“Our Center works to stand in solidarity and action against anti-Black racism. Our students, staff, and faculty have devoted significant efforts in their research, teaching, service, and personal lives to this goal. This labor has fallen disproportionately on our Black students and colleagues. We can do better and we will act in support and solidarity to hold one another accountable for doing so.”
-Dr. Moradi, Director (Read full letter here.)
The police murder of George Floyd in Minneapolis on May 25, 2020, and the longstanding acts of violence and harassment against Black people, ignited collective horror and outrage. Many have responded with a week of protest and activism across the U.S. and internationally. As that week ends, it is vital not to set aside this issue and to continue anti-racist actions. In that spirit, we call for support and participation in an initiative started by doctoral student Pearis Bellamy, Assistant Professor Dr. Della Mosley, and their colleagues:
“The purpose of this week is to intervene against anti-Black racism and other forms of white supremacy as it manifests in academia and, in turn, enhance the safety and wellness of Black students, staff, faculty, and community members. In recognition of the toll that anti-Black racism, white supremacy, and racial trauma has on Black people, we are calling for White and non-Black People of Color to suspend all research activities and “work” that they benefit from (that does not directly serve Black people) for one week, beginning on Juneteenth, June 19, 2020 – June 25, 2020.”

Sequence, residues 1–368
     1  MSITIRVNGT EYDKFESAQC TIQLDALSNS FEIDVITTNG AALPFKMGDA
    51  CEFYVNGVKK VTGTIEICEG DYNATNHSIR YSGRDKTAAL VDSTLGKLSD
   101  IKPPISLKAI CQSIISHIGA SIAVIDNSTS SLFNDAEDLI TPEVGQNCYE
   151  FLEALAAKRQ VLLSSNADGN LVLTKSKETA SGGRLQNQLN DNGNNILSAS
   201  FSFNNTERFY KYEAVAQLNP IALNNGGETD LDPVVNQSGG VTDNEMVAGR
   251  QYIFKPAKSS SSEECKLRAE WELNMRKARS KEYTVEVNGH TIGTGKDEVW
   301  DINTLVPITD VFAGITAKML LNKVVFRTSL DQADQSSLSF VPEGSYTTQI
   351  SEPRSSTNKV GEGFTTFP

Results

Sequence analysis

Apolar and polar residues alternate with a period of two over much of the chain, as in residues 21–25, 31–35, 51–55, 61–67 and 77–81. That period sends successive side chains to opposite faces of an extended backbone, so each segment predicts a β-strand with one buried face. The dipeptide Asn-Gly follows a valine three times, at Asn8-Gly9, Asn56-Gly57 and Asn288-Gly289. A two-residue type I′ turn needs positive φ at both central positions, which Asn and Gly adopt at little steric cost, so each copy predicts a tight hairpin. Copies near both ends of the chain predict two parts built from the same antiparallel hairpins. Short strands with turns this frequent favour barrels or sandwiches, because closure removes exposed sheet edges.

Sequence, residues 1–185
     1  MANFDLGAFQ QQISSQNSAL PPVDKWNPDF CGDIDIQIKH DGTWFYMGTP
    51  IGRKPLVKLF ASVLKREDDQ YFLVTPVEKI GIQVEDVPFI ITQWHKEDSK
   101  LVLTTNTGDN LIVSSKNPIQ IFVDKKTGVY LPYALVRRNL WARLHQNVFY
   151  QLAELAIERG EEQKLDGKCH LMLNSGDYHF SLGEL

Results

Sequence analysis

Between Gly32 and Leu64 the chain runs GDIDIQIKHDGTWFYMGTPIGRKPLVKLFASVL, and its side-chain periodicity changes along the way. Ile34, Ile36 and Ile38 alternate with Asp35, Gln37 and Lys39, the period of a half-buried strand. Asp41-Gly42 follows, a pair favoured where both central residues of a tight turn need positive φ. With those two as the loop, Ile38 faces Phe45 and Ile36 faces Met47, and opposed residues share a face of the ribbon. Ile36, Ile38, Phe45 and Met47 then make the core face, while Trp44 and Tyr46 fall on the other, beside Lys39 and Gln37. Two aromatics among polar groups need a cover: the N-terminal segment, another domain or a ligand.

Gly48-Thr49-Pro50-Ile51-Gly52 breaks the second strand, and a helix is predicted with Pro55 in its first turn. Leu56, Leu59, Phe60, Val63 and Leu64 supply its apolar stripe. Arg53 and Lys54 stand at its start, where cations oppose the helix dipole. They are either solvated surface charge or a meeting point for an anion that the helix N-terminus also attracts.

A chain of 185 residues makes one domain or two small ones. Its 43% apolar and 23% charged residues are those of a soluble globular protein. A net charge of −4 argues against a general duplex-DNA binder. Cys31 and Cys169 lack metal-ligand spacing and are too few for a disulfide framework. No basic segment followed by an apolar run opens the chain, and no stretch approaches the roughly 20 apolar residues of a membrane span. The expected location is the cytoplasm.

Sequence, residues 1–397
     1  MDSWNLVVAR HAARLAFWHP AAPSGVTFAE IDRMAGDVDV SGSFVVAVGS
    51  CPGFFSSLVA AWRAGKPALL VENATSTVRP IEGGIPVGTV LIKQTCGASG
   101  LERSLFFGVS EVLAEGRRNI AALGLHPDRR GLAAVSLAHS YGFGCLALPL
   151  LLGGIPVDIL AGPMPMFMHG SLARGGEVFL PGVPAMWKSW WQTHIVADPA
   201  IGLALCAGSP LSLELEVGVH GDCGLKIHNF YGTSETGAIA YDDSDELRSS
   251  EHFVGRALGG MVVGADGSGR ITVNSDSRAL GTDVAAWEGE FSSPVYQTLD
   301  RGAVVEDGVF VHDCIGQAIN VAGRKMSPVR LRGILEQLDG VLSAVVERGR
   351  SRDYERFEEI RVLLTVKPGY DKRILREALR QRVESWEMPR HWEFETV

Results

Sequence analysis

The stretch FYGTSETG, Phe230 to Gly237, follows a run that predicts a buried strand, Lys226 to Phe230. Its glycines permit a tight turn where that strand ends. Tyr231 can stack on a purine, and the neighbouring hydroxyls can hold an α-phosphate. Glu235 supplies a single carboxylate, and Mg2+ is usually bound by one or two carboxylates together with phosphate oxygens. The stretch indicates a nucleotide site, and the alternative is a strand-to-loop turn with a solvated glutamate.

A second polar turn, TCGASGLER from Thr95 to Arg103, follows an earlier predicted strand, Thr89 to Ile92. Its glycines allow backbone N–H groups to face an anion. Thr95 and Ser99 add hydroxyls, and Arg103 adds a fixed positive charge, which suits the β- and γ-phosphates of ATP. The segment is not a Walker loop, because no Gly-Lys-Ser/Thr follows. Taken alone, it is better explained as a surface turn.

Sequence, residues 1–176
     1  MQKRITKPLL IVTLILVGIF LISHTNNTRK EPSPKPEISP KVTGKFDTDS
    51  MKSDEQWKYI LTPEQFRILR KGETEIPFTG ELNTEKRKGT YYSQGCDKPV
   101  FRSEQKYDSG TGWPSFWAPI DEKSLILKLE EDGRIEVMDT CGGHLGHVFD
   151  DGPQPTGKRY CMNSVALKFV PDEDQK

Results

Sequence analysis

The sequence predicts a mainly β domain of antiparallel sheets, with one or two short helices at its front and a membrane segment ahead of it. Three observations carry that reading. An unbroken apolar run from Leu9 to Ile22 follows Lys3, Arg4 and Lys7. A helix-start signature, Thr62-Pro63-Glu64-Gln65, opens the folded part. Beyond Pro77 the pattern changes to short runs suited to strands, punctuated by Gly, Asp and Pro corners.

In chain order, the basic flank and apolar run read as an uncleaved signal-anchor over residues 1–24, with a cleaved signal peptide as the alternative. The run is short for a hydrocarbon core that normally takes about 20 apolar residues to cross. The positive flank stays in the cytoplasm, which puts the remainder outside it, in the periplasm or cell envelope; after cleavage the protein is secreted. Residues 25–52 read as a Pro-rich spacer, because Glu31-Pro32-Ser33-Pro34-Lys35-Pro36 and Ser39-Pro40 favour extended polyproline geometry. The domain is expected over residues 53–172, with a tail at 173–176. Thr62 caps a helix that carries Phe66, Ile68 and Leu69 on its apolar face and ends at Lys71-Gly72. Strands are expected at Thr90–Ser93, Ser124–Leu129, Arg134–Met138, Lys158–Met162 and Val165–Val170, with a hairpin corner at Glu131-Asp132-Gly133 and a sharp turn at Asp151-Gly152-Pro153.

– Rebekah Ingram Estevez, M.Ed. and Dr. Della Mosley
There is a strong body of scholarship devoted to understanding and eliminating anti-black violence and oppression. This critical race scholarship often uses intersectionality to highlight how anti-black racism is inextricably linked with gender, class, and disability, among other key axes of power. Drawing on this literature and the work of activists inside and outside the academy, we offer some resources.